Nigeria’s gold-mining state of Zamfara is already in the throes of the world’s deadliest lead poisoning epidemic. And unless a clean-up starts quickly, the situation could get much worse.
When artisanal mining took off in Nigeria’s Zamfara state in 2009, no-one could have predicted the consequences. No-one knew the mine sites were riddled with deadly levels of toxic lead and no-one knew that in some communities hundreds of children would die.
The world’s worst lead poisoning epidemic has claimed 400 young lives and left thousands more brain damaged and disabled.
More than three years on, seven of the eight affected villages have been remediated: contaminated topsoil has been replaced and sick children have been treated.
But when the clean-up began, the biggest village, Bagega, was last in line, and money ran out before the diggers arrived.
It really is an unprecedented epidemic, so to a certain extent we don’t know what the long-term effects will be. Ivan Gayton, Médecins Sans Frontières
As a result Médecins Sans Frontières (MSF) estimates that up to 1,500 children still need treatment. But the charity is unable to offer life-saving chelation therapy while the village is still contaminated.
In 2012 the Nigerian government pledged around $4m to complete the clean-up of Zamfara state and put safer mining practises into effect – charities say that funding has been withheld and time is running out. Unless is it released within the next week, it will be too late to cleanse Bagega before the rainy season in May and children will be exposed to lead poisoning for another year.
The Nigerian government said it is “deeply concerned” and that “strategies have been drawn up” but aid agencies are not convinced.
MSF’s Head of Mission in Nigeria, Ivan Gayton, told Channel 4 News the situation is more serious that ever: “As doctors we’re faced with the suffering and dying of children, of patients of ours, and there’s nothing we can do. Until the money is released for the remediation, we’re helpless.”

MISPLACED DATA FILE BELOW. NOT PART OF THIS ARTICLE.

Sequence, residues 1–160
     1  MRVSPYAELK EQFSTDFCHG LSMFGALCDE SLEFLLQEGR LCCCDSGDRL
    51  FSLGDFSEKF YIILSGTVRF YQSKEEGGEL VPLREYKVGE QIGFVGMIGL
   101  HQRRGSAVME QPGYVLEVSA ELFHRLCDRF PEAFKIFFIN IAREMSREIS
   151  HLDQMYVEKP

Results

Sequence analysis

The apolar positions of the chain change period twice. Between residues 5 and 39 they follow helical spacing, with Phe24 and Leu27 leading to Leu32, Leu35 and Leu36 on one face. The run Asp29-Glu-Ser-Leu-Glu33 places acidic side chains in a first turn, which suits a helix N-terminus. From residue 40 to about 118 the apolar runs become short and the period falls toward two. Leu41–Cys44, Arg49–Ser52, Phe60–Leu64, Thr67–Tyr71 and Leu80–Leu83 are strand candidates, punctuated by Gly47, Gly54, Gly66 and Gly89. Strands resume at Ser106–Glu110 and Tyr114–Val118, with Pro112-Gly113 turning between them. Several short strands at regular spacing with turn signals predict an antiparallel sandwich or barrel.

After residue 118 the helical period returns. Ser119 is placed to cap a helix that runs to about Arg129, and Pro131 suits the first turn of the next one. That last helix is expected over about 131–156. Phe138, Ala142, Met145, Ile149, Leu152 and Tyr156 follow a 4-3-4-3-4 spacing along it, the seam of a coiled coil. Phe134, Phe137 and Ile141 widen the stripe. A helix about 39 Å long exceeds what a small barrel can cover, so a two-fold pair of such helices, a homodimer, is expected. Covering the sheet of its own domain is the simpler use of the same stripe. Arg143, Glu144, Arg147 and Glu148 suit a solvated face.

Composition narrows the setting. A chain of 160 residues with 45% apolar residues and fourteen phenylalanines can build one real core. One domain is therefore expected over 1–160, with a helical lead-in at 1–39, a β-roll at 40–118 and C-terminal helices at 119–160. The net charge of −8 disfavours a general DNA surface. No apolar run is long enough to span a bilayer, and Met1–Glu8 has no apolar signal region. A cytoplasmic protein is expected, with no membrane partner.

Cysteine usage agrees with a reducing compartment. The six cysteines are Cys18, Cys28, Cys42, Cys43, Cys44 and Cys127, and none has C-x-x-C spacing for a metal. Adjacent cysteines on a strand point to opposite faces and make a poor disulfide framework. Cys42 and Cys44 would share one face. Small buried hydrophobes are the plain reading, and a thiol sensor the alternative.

In the west, children with more than five micrograms per decilitre of blood would generally be admitted to hospital. In Zamfara State children with 300-400 micrograms per decilitre are being treated.
Ivan Gayton says the levels are staggering: “The kind of lead poisoning levels we’re seeing here are absolutely unprecedented.
“The largest lead poisoning in modern history was in Kosovo in the 1990s, where we were talking a few hundred people with lead levels in the 50-200 categories. Here we’re talking about thousands of people with lead levels in the multi-hundreds. It really is an unprecedented epidemic, so to a certain extent we don’t know what the long-term effects will be.”
Doctors do know that thousands of children who survive could suffer long-term mental consequences. Lead poisoning causes brain damage and lowers IQ, and there are scientific studies suggesting it could be linked to increased aggression.
Ivan Gayton said these long-term effects are a huge concern, given the political instability and violence in the region: “Just in case the world is wondering what we need here in northern Nigeria… A bunch of people who are not so intelligent and a little more aggressive? Probably not such a good idea.”
Human Rights Watch (HRW) and the Nigerian Youth Climate Action Network have launched a social media campaign aimed at Nigerian President Goodluck Jonathan.
HRW’s Jane Cohen told Channel 4 News time is running out for children in Zamfara: “By not releasing the promised funding for environmental clean up immediately, the government of Nigeria is sentencing more children to senseless death and permanent disability.
“Children in Zamfara cannot wait for another year for life saving medical treatment or to have their homes cleaned of lead contamination. Over the next year more children will die and more will face life long permanent disability from lead poisoning.”
She added: “The government of Nigeria must step up and take responsibility for the health and well being of its people. Releasing money for environmental clean up-money that was promised in May-is a critical first step.”